iDisorder: Understanding Our Obsession with Technology and Overcoming Its Hold on Us by Larry Rosen, Ph.D. (Palgrave MacMillan, $25.00, 246 pages)
“…the research is now showing that technology may act as a trigger to induce these mood swings.”
Sometimes a book doesn’t fit a particular category. It may be intended for the self-help reader or perhaps the budding psychologist who’s exploring the profession before making the commitment to a degree and an internship. Larry Rosen has produced a book in search of an audience. If his goal was to offer some self-help for addressing the proliferation of electronic devices and diversions that absorb our attention, then Rosen has fallen short of his goal. The statistically-dense text does contain several self-administered questionnaires and checklists. Where other books have illustrations, bullet points and charming anecdotes, iDisorder has none of these.
To be fair, there are scenarios or quotes that begin each chapter that give the reader a glimpse of the basis for the topic under discussion. These topics include: addiction to the internet; depression/mania and attention deficit hyperactivity disorder; communication (shyness); and obsessions with appearance.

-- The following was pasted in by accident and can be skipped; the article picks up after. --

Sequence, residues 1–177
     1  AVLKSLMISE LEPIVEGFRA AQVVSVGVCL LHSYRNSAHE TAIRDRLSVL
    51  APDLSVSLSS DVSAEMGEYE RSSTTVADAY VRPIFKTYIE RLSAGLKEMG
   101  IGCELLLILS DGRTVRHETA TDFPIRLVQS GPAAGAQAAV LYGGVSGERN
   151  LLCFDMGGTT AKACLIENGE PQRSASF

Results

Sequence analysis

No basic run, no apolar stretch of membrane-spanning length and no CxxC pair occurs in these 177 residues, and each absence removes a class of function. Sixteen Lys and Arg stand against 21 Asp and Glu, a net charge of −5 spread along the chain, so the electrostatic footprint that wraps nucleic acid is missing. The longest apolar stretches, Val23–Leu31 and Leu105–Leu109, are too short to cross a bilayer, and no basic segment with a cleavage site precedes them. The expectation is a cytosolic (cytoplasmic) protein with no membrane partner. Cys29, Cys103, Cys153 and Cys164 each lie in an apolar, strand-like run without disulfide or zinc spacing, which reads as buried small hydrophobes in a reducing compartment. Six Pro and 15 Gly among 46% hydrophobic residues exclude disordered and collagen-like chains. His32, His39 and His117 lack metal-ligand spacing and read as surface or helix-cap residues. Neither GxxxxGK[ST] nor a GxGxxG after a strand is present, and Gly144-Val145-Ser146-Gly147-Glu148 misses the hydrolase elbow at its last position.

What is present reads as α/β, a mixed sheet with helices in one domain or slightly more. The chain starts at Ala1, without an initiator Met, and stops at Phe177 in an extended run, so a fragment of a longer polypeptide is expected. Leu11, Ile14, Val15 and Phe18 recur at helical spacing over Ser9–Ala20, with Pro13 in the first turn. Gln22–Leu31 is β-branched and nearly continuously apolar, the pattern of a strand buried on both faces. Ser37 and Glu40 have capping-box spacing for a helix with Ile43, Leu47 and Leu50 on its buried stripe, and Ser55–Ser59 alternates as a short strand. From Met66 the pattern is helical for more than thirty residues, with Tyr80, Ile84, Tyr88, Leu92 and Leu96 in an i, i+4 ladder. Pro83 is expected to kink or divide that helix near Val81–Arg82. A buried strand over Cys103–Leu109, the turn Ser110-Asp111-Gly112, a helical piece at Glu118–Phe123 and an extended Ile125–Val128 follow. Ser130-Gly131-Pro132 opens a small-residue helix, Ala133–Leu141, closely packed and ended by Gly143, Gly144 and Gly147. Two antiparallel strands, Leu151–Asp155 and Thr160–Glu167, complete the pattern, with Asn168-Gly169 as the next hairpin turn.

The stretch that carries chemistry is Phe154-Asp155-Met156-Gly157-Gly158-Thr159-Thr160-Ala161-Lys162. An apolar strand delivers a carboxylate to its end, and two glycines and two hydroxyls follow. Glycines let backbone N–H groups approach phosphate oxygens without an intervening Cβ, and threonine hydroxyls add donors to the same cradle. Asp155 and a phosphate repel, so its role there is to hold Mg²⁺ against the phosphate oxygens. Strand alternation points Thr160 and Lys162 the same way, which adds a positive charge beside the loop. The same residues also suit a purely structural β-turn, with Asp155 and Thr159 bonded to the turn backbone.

The Diagnostic and Statistical Manual of Mental Disorders (DSM) is referenced frequently throughout the text, much as it is in the previously reviewed book, The Other Side of Normal: How Biology is Providing the Clues to Unlock the Secrets of Normal and Abnormal Behavior by Jordan Smoller. Unlike The Other Side, iDisorder lacks a smooth, structured flow of ideas. The frequent cross references to prior and future chapters invoked a frame of mind for this reviewer that there would be a final exam on the material presented. Moreover, creating a set of book notes in order to follow the concepts seems punitive for a reader who is concerned about possible technology-induced mental disorders.
While we’re on the topic of school, perhaps Dr. Rosen, who teaches psychology at California State University at Dominguez Hills, could have offered extra credit for students willing to check his grammar and citations. It may seem petty of this reviewer to point out the reference to MIT (Massachusetts Institute for Technology) – but, come on now – “for”? Or, this amazing comment: “At his last review his supervisors wrote that Colby’s excessive tardiness, absence at company meetings, and lack of completed paperwork are substandard and prevent him from doing his job correctly.”
To be clear, iDisorder is a book that showed potential – potential which went unrealized. It does not make this reviewer’s list of recommended survey books.
A review copy was provided by the publisher. Here is a link to a review of The Other Side of Normal: